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Kremlin-Backed Activists Are Raiding Russian Supermarkets For Sanctioned Cheese

A government-funded group is taking the enforcement of Russian sanctions on Western food into its own hands.

Last updated on August 3, 2015, at 5:01 p.m. ET

Posted on August 3, 2015, at 5:01 p.m. ET

Times have been tough for Russian cheese lovers since the government banned many foreign imports in response to Western sanctions last year.

"I asked my mom to bring home cheese from Europe :) squeezed it all into the fridge with difficulty #sanctionedproducts"

But forbidden delicacies like French Brie and Camembert are still turning up in Russian stores, and the government is cracking down, the Financial Times reports. Enter the young activists of the Kremlin-funded "Eat Russian!" campaign.

Last week, they raided a Moscow location of the posh Azbuka Vkusa (Alphabet of Taste) supermarket chain, looking for banned Western products.

"Looking for sanctioned products with a correspondent from the Zvezda TV channel #EatRussian"

The activists placed stickers warning "sanctioned product" on items like these Italian cured meats. Yes, that's a bear brandishing its claws in front of an American flag.

They also put the stickers on Swiss cheese until journalists pointed out Switzerland isn't subject to sanctions, according to an account of the raid reported in Kommersant.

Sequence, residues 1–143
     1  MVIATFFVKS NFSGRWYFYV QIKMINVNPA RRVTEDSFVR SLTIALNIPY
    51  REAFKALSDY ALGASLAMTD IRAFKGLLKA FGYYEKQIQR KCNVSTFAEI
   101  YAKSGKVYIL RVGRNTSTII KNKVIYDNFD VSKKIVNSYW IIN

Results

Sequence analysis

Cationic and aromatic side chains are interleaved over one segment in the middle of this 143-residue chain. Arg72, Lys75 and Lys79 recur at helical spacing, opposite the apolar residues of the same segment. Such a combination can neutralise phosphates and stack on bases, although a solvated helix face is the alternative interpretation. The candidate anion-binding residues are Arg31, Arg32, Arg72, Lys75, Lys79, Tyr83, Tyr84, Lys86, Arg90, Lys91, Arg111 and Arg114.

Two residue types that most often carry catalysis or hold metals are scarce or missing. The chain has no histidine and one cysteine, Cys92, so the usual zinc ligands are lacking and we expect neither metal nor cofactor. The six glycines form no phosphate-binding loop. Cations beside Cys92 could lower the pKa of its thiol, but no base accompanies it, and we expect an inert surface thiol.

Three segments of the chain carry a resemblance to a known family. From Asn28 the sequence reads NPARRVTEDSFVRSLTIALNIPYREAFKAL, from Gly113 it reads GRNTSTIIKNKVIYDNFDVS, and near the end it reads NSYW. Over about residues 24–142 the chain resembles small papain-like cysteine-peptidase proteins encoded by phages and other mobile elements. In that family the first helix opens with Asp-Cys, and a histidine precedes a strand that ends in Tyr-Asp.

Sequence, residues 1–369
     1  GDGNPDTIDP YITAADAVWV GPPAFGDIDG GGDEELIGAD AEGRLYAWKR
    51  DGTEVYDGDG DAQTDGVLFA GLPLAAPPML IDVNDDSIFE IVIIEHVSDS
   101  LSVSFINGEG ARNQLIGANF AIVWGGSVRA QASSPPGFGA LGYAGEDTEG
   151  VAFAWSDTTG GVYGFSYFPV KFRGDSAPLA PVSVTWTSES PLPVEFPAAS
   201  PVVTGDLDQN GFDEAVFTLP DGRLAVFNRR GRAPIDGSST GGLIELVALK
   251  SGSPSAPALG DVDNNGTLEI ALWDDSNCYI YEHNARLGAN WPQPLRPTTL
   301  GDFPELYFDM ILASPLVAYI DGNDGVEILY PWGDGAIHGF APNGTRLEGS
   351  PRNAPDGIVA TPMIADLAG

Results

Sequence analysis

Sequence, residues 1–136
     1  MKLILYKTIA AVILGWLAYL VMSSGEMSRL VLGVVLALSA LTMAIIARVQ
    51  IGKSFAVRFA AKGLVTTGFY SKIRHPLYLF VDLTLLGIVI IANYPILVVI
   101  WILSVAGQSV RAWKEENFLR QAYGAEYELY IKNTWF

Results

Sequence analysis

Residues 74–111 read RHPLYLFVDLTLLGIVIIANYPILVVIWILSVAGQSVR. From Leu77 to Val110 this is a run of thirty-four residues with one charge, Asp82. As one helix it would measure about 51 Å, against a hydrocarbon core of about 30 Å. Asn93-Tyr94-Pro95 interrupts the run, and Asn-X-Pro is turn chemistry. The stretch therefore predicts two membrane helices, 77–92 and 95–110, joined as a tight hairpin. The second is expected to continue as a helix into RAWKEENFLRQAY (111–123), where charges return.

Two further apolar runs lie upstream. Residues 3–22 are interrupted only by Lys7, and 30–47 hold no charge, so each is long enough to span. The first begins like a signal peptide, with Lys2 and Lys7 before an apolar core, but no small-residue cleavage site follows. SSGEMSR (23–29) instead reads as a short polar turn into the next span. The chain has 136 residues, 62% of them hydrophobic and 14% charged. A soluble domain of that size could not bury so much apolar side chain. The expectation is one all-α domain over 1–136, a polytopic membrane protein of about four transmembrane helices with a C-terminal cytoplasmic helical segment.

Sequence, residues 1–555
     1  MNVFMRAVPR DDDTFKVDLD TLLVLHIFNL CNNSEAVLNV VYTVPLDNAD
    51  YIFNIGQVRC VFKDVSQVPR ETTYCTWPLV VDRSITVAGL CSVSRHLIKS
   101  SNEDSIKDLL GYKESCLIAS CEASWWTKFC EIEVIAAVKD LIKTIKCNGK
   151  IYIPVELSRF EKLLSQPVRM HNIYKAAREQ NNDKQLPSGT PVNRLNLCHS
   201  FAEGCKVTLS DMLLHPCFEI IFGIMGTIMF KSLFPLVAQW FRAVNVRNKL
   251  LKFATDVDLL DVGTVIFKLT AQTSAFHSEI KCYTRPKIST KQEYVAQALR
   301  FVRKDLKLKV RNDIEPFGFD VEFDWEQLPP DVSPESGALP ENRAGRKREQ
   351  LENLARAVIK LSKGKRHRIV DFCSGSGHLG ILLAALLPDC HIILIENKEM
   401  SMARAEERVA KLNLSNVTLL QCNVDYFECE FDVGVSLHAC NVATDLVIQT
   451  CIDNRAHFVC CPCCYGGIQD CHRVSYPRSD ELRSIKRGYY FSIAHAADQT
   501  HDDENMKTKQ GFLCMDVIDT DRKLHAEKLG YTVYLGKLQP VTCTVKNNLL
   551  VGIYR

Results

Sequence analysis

"That way each consumer will be warned that these products illegally crossed the border, and this means that they could be dangerous," the group said in a post on its LiveJournal blog.

"#sanctionedproducts #Spanish_ham #presentfromacolleague"

The "Eat Russian!" campaign is a project of "Piggies Against," a youth group that conducts costumed raids on supermarkets to search for expired products.

"Today we conducted a cleansing raid at the store at Chasovaya 11, Moscow. We gathered two carts of expired products: beer, cakes, yogurt, meat, frozen foods and mayonnaise. The store administration sent all the expired stuff on its final journey to the nearest trash bin. The raid was conducted successfully, the store is clean 🐽 #piggiesagainst #community #expiredproducts #Moscow #volunteers"

The Piggies aim to protect consumer rights by "fighting against a swinish attitude towards people," according to the group's Twitter profile.

"Look what a cute team we cleaned up another store 😉 we found products that were expired by a year or more 😱🙈🙊 dear all, look at the expiration date, do not poision yourselves 😉😘 everyone have a nice day 😋 #piggiesagainst #piggiesoutofcostume #vcom #vcocam #vcomrussia #vcocamrussia"


"Piggies Against" was originally a project of the pro-Putin youth movement Nashi, or "Ours," which allegedly worked to discredit Russia's opposition and paid people to post pro-Putin comments online.

"Today we did our last raid of the summer 👍💪 #piggiesagainst #piggiesoutofcostume"

The "Eat Russian!" raid "has an obvious propagandistic and populist character," a representative for the Azbuka Vkusa store told Kommersant.

It's against the law to bring sanctioned products into Russia — beyond small quantities for personal use — but not to sell them. Starting this week, illegal imports seized at the border will be burned.

H/T Financial Times